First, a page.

The key to overcoming this is a process known as ‘fear conditioning’ or ‘stress inoculation’. This involves relearning the reactions by repeated exposure to a weakened version of the initial stressor. For taijiquan this means working slowly and softly. A punch is presented in a way that does not threaten or frighten the student, so that they can engage intellectually and practice using fine motor skills to deal with it. Then gradually the speed, weight, power and penetration of the punch can be increased, mostly staying within the student’s comfort zone, but gradually increasing the range of strikes that they feel comfortable dealing with.

Fear conditioning is cortical. The brain has to be sufficiently relaxed to engage intellectually with the exercises. The fear reaction of the amygdala does not go away. It is just that the cortex is able to suppress the fear reaction by sending messages to the amygdala that this is familiar and can be dealt with. Or when under stress the limbic system also be able to make use of the conditioned responses that have been drilled. The removal of fear is an active process that follows its own logic and timeframe.

This work requires time and patience. It takes time to acclimatise to uncomfortable situations, to recognise their pattern and logic. It takes time for it to stop being stressful. During this time useful patterns should be implanted so that in a real situation the unconscious mind will simply follow the established template rather than freezing. If you move to quickly in advancing this training you risk implanting stress reactions. These behave similarly to a micro-tear in a muscle during stretching, most of the time it doesn’t matter, but occasionally this invisible weakness may reveal itself catastrophically at a point of severe stress.

A key aspect of this training is breathing. Breathing is the key mechanism that we have to control stress. By taking control and using relaxing breathing patterns such as ‘tactical breathing’ (breathe in for a count of for, hold for four, exhale for four, hold for four) during stressful situations we help to begin a re-education process where an element of calm is juxtaposed with stress, giving an element of control. As such learning basic breathing techniques can be invaluable preparation for stressful situations and prevention for phobias and post-traumatic stress.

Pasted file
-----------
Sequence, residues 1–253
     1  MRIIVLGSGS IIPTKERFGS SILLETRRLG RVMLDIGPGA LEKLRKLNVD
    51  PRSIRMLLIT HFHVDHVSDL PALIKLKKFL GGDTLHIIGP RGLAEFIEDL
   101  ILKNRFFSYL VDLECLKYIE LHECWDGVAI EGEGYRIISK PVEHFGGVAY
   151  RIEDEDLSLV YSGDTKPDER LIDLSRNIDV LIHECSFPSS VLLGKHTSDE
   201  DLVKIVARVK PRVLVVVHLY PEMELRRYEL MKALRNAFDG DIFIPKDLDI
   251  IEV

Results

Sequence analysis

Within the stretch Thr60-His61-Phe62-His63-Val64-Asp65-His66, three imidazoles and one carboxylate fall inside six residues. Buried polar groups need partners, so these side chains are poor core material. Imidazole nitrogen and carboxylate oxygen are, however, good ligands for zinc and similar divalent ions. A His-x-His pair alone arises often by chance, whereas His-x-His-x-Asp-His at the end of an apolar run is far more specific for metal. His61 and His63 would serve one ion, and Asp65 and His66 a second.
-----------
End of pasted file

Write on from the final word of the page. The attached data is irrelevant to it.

By starting with the heart at a lower base rate it may not reach such a high rate as to affect performance. By linking movement and breathing we can reduce the physical stress, use less energy and keep the heart rate lower during actions. Also the linking of breath and movement lets us re-gain control of the breathing and heart rate more quickly, reducing the impact of the high heart rate on performance. This is particularly useful in conditions when it is difficult to breath such as when you are winded (a temporary paralysis of the diaphragm as a result of the phrenic nerve being shocked), in such a condition you can use the mechanical movements of the body to squeeze air in and out of the body, keeping you breathing and aiding recovery.

Again, these skills need to be drilled while calm. This helps retain them while under stress. Sometimes this is referred to as muscle memory. This is also, why it is important to train the movements slowly, smoothly and correctly rather than fast incorrectly. Regular and continuous training is important as learned skills diminish, and research suggests a half-life of about six months.[vii]

Nowadays, more of us are dying from illnesses related to stress and physical inactivity than from fights or predation. The human body does not differentiate between different kinds of stress. Learning to deal with the fear of a combat situation will also give you the skills to deal with the stress of modern urban living. Learning to deal with the shock of being hit can help with the shock of an accident.

By understanding the anatomy of fear we can improve our training and make it more efficient. Taijiquan is an art of yin and yang. We need to work with both relaxation and excitement for the art to be balanced. In this sense the martial side of taijiquan is still an essential part of extending our relaxation and health skills. Anyone can be calm on a mountain top, where there is no disturbance, but few of us live on mountain tops, so the relaxation skills of combat may have a much wider value.

 

Glenn Gossling, January 2012

 



[i] Daniel Goleman, ‘Emotional Intelligence’, 1995

[ii] Bruce Siddle, ‘The impact of the sympathetic nervous system on use of force investigations’, 2011

[iii] Dave Grossman, ‘On Combat’, 2004

[iv] Daniel Goleman, ‘Working with Emotional Intelligence’, 1998

[v] Dave Grossman, ‘On Combat’, 2004

[vi] Daniel Goleman, ‘Working with Emotional Intelligence’, 1998

[vii] Dave Grossman, ‘On Combat’, 2004